Lincoln's Motivation

Why did Lincoln take on Matson's cause and represent him in this trial?  How could the Great Emancipator fight to keep a family enslaved?

Essay on Why Lincoln Did It

Link to an essay written by project coordinator, Renee Henry, that summarizes the possible motivations for Lincoln's participation in the trial specifically to represent Matson.
 Historians and the public are curious about Lincoln’s participation on behalf of the enslaver and the contrast between that and his later role as the Great Emancipator.  While we will never know his motivations for sure, the interpretations of his actions often reflect the prevailing attitudes toward our country’s heroes and raise questions about historical myth versus truth.  In brief, there are six reasons ascribed to his actions:

Lincoln's Possible Reasons

  1. As a southerner, he supported slavery and, therefore, was committed to seeing Matson secure his property.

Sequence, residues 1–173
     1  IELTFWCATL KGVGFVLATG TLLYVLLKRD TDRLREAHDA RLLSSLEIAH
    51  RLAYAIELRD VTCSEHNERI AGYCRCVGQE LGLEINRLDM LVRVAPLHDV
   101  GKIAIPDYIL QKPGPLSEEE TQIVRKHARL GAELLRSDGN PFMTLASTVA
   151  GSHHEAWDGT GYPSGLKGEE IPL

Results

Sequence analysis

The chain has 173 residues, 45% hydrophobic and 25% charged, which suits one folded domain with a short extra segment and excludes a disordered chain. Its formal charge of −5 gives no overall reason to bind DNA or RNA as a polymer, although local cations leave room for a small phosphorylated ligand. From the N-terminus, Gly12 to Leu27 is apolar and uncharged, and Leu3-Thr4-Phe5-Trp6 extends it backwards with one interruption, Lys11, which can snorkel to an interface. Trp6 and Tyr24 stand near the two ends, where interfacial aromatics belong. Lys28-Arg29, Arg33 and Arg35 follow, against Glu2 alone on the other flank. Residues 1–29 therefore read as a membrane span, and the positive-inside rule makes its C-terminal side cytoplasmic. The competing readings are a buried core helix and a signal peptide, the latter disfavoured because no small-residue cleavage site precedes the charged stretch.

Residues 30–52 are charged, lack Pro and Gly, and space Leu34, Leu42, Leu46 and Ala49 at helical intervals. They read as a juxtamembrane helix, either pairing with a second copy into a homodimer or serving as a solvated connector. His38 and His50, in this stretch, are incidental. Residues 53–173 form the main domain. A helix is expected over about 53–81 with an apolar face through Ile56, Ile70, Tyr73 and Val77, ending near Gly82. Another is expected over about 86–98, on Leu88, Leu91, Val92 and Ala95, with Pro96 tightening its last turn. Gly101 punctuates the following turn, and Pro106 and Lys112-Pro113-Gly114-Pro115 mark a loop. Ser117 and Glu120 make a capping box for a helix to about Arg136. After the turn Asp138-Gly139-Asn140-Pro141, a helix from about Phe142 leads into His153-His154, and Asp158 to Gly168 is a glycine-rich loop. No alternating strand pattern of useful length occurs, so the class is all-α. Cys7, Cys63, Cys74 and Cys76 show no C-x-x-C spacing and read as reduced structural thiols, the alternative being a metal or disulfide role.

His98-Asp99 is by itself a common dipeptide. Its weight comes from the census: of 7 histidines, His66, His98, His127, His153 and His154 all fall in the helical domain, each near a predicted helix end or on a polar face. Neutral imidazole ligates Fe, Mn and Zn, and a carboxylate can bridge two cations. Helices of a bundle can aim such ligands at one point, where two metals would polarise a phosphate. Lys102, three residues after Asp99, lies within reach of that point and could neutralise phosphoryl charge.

2. He believed that Matson had the law on his side which protected him from losing his slaves.
  3. He may have believed that every man deserves representation in court, no matter what his crime or position;
  4. Lincoln may have participated in the trial because it was just another job, not venturing a moral opinion;
  5. He or other participants may have been interested in manipulating the outcome of the trial.  One branch on this tangent maintains that Lincoln argued the case poorly with the purposeful intent of losing as a way of supporting freedom for the slaves. The other, newer theory, is that the trial was arranged to become a precedent for future slavery related trials; and
  6. Lincoln’s own personal and political ambitions may have been his motivation.  Perhaps he took the case as a personal favor to his close associate, Linder, or he may have considered it politically expedient to be involved.